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What You Need to Know About Offering a Tobacco Surcharge

tobacco surcharge compliance

2 minute read

Some employers may offer a smoking cessation program to help their employees stop smoking and refrain from using tobacco products. The program may include a tobacco surcharge to help motivate employees. The surcharge is an extra charge on your health plan if you’re a tobacco user or for those who don’t partake, they may receive a discount.

Smoking cessation programs that include tobacco surcharges need to comply with federal rules for workplace wellness programs. Depending upon how your program is structured, you should review your compliance obligations under Health Insurance Portability and Accountability Act (HIPAA) and Americans with Disabilities Act (ADA).

 

Law

Applicability

HIPAA

Applies to smoking cessation programs that include a tobacco surcharge or otherwise relate to a group health plan.

ADA

Applies to smoking cessation programs that use a medical test (such as a blood or urine test) to detect participants’ smoking or tobacco use.

 

Non-compliant programs are subject to employee lawsuits or federal enforcement action by the Department of Labor (DOL) or the Equal Employment Opportunity Commission (EEOC).

Some key compliance points include:

  • To comply with HIPAA, a reasonable alternative standard* must be available for participants who continue to smoke or use tobacco.
  • Those who satisfy the alternative standard must receive the full reward.
  • A reasonable alternative standard may include attending an education class or wearing a nicotine patch.
  • To comply with HIPAA, the surcharge can’t exceed 50% of the total cost of health coverage.
  • If the program uses a medical test to detect nicotine or tobacco use, it must also comply with ADA’s rules for voluntary wellness plans.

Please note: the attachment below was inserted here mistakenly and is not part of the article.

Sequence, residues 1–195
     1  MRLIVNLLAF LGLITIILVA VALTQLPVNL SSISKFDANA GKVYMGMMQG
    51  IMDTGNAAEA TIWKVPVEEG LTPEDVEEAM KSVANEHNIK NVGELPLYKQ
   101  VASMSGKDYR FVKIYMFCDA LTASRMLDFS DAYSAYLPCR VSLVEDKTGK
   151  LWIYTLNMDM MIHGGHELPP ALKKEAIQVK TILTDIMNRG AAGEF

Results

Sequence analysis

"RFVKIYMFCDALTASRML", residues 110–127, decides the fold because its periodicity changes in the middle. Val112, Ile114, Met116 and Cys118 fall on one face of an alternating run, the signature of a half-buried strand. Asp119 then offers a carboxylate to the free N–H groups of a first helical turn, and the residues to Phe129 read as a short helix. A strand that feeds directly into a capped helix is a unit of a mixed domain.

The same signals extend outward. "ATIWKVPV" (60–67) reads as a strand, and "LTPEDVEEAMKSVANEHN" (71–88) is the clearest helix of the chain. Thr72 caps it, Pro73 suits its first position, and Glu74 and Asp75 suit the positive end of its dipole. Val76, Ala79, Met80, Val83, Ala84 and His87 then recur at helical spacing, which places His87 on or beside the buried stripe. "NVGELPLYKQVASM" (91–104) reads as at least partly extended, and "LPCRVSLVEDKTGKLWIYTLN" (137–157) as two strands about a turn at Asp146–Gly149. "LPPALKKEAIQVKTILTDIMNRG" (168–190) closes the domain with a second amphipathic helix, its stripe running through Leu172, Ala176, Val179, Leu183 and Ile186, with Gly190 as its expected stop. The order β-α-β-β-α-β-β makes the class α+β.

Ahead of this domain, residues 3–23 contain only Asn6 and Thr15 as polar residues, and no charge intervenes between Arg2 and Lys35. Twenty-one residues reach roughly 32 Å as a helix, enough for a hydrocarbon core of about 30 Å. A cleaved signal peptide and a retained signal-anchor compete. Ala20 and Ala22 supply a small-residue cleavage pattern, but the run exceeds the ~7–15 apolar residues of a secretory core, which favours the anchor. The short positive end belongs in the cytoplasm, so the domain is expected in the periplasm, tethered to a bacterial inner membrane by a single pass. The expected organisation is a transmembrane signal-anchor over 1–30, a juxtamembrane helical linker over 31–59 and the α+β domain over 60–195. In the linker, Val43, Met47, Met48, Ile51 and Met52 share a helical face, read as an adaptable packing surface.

• It’s currently unclear how much of a tobacco surcharge can be charged when a tobacco screening medical test is used because the EEOC rescinded its 30% incentive limit and hasn’t further addressed the issue.

Additionally, if you have a negotiated contract, check to make sure it doesn’t contain any exclusions on surcharges.

For more information, download the bulletin.

 

 *To comply with HIPAA, health-contingent wellness programs must provide a reasonable alternative standard (or waiver of the otherwise applicable standard) to qualify for the full reward for anyone who does not meet the initial standard (that is, those who smoke or use tobacco products).

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Steve Smith

Steve Smith

Steve Smith, Employee Benefits Consultant for National Insurance Services, has his energy level permanently set at “high.” His maxim is “work hard, play hard." In addition to coaching youth basketball and his relentless addiction to volunteering, Steve’s community service and political activities make him an expert in stirring the groundswell and getting groups of people working together for a higher cause. Minnesota schools, cities, and counties rely on Steve’s unique and creative ideas of engaging employees in their own health and wellness to lower utilization trends. He has a background in the health insurance field doing compliance, cost mitigation, utilization, analytics, wellness plans, and strategic planning. Steve is a licensed insurance agent and is Medicare Certified. He holds the designations for Managed Healthcare Professional (The Health Insurance Association of America), Certified Patient Protection and Affordable Care Act Professional (National Association of Health Underwriters), and Group Benefits Disability Specialist (Hartford School of Insurance). Steve is a member of the Minnesota Assocation of Health Underwriters (MAHU). He specializes in Employee Benefits Consulting for Minnesota schools, cities, and counties including fully insured, self-insured, and stop-loss plans.